Time and again, Osborne has proved himself the master of setting a domestic miniature within a deep political context while also capturing the topography and ambience of countries gripped by conflict. Escaping to Thailand in 2014, Sarah Mullins is a typical Osborne creation, isolated and world-weary but also critically self-aware. Sarah, on the run with a bucketload of fraudulent cash, is forced to find solace in the Glass Kingdom, a 21-story high-rise apartment complex, the moon reaching high above "the dirty white skyscrapers of Bangkok."
In her new apartment for only a few days, Sarah has met no one apart from her landlady, Mrs. Lim, the eccentric Thai grande dame. As she watches the gardens 15 floors below and their "sluggish fountains," she thinks about each morning. Sarah is in Bangkok purely to make herself invisible for a while, to turn herself into a living ghost in one of the few places where a solitary white woman will be little noticed, sexually or otherwise.
Breezing along with a lie she has prepared in advance, Sarah tells her new friends Mali and Ximena that she's taking an extended leave from her life in New York and her work for April Lavery, a novelist whose books describe the struggles of provincial women whose backgrounds resemble Sarah's. Sarah is drawn to Mali and Ximena, but the girls have their own agendas, willing accomplices in Sarah's efforts to stay under the radar. Mali had an inheritance but spent it all on disillusioning herself through her own pleasures. Ximena enjoys the idea that this "slightly preposterous American girl" with her cultivated persona is "a fluid and practiced liar." Perhaps to her detriment, Sarah thinks that her lie has gone down well. Her confidence rises, and the pressures of life in New York slowly bring her to a boiling point that eventually needs to be released.
Osborne bathes his novel in half-light--the land around the Glass Kingdom and the spirit houses featuring the dead on their thrones. Against the nights of violent weather, the Glass Kingdom battered by rain, the tenants feel discretion and violence. Osborne's "Kingdom" is a honeycomb ruled by a rigid and pervasive order. Sarah can no longer remember why she chose the Kingdom in the first place, though she loves the fact that the building comes from a different age. The small signs of decay are everywhere, reassuring her that here she would be removed from "the world's radar."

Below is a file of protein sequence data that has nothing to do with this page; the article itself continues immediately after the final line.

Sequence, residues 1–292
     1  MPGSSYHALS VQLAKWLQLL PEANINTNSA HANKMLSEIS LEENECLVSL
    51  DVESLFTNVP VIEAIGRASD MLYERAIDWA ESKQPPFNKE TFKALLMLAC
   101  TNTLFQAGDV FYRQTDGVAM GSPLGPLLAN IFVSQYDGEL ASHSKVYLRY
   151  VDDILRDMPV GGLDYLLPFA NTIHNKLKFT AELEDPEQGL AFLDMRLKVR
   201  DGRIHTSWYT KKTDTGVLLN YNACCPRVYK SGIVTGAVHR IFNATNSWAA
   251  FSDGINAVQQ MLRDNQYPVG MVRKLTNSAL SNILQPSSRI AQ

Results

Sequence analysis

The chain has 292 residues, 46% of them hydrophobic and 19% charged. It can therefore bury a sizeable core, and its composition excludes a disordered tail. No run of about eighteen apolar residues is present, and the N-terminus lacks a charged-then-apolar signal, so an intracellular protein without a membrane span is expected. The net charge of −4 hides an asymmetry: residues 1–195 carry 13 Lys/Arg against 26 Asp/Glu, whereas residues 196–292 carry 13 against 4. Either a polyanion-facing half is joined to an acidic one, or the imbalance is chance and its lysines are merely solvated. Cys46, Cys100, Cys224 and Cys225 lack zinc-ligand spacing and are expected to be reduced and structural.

The narrative simultaneously maintains an underlying languidness and moves events along. The leisurely impression is conveyed by the seemingly comfortable accommodation that Sarah and the other Westerners have made with Thai culture. Yet Sarah feels trapped by Mali. The past survives as it sometimes does "here as untouchable trees inhabited by spirits." Sarah is a bit cynical and detached emotionally, but this masks her realistic insights into what motivates both herself and those around her.
Osborne's menage-à-trois stands as a metaphor for the political dynamic in a place full of con artists, grifters and blackmailers, including Sarah's neighbors Roland and Natalie. Natalie is wrenched by the sheer force of Roland's personality. Working at the Marriot, she has carved out an identity of her own; she's also no longer sure how she feels about Roland. The easy affection of the "once-upon-a-time lust had melted away as if in the heat." Mali's offer to launder Sarah's money becomes an unspoken pact. It's impossible to keep secrets inside the porous labyrinth of the Kingdom. It's as if the corridors themselves are conduits of lightning-fast gossip. The maid, Goi, is always listening. She's the only person who has been inside Sarah's apartment other than Mali, Ximena and Natalie. Natalie doesn't seem to need the money, but the same cannot be said of Ximena. Roland represents the shadowy line between the world of respectability and the "coterminous" world of prostitution, while Goi reveals Sarah as an empty clown, "a shadow actor in a drama she had not even created herself."
Osborne's Bangkok is lawless and chaotic, a city in which it's remarkably easy to slip into anonymity. Though the treatment of the Sarah as an American is a bit heavy-handed at times, it's sometimes deserved. Her native naivete is in hindsight partly justified. Osborne always tells a great, exotic story that brings out the complications and enigmas of foreign cultures, even as his heroine in this story seems to find an oblivion that comes far more quickly than she has ever imagined.